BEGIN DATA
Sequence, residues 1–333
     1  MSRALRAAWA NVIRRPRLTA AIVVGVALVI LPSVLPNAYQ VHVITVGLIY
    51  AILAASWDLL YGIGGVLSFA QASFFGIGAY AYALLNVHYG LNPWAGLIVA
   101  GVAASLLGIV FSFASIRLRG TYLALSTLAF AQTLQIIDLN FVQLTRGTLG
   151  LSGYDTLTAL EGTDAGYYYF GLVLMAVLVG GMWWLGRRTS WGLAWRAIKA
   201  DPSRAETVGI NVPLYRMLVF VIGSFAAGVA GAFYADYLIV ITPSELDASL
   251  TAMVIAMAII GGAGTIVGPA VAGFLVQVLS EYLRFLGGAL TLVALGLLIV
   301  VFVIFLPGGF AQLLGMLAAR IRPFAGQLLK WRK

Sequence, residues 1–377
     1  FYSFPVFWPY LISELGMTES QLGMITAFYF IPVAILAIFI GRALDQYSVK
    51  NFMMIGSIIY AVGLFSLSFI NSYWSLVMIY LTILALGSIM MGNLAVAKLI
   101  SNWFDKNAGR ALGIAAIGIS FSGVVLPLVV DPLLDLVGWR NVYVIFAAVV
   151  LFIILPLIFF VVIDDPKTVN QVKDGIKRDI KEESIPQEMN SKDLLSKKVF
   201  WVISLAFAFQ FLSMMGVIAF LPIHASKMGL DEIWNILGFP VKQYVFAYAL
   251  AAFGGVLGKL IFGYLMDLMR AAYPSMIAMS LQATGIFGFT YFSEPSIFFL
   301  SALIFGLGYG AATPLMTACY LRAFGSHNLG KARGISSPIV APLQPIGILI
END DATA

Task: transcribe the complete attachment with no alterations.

Sequence, residues 1–333
     1  MSRALRAAWA NVIRRPRLTA AIVVGVALVI LPSVLPNAYQ VHVITVGLIY
    51  AILAASWDLL YGIGGVLSFA QASFFGIGAY AYALLNVHYG LNPWAGLIVA
   101  GVAASLLGIV FSFASIRLRG TYLALSTLAF AQTLQIIDLN FVQLTRGTLG
   151  LSGYDTLTAL EGTDAGYYYF GLVLMAVLVG GMWWLGRRTS WGLAWRAIKA
   201  DPSRAETVGI NVPLYRMLVF VIGSFAAGVA GAFYADYLIV ITPSELDASL
   251  TAMVIAMAII GGAGTIVGPA VAGFLVQVLS EYLRFLGGAL TLVALGLLIV
   301  VFVIFLPGGF AQLLGMLAAR IRPFAGQLLK WRK

Sequence, residues 1–377
     1  FYSFPVFWPY LISELGMTES QLGMITAFYF IPVAILAIFI GRALDQYSVK
    51  NFMMIGSIIY AVGLFSLSFI NSYWSLVMIY LTILALGSIM MGNLAVAKLI
   101  SNWFDKNAGR ALGIAAIGIS FSGVVLPLVV DPLLDLVGWR NVYVIFAAVV
   151  LFIILPLIFF VVIDDPKTVN QVKDGIKRDI KEESIPQEMN SKDLLSKKVF
   201  WVISLAFAFQ FLSMMGVIAF LPIHASKMGL DEIWNILGFP VKQYVFAYAL
   251  AAFGGVLGKL IFGYLMDLMR AAYPSMIAMS LQATGIFGFT YFSEPSIFFL
   301  SALIFGLGYG AATPLMTACY LRAFGSHNLG KARGISSPIV APLQPIGILI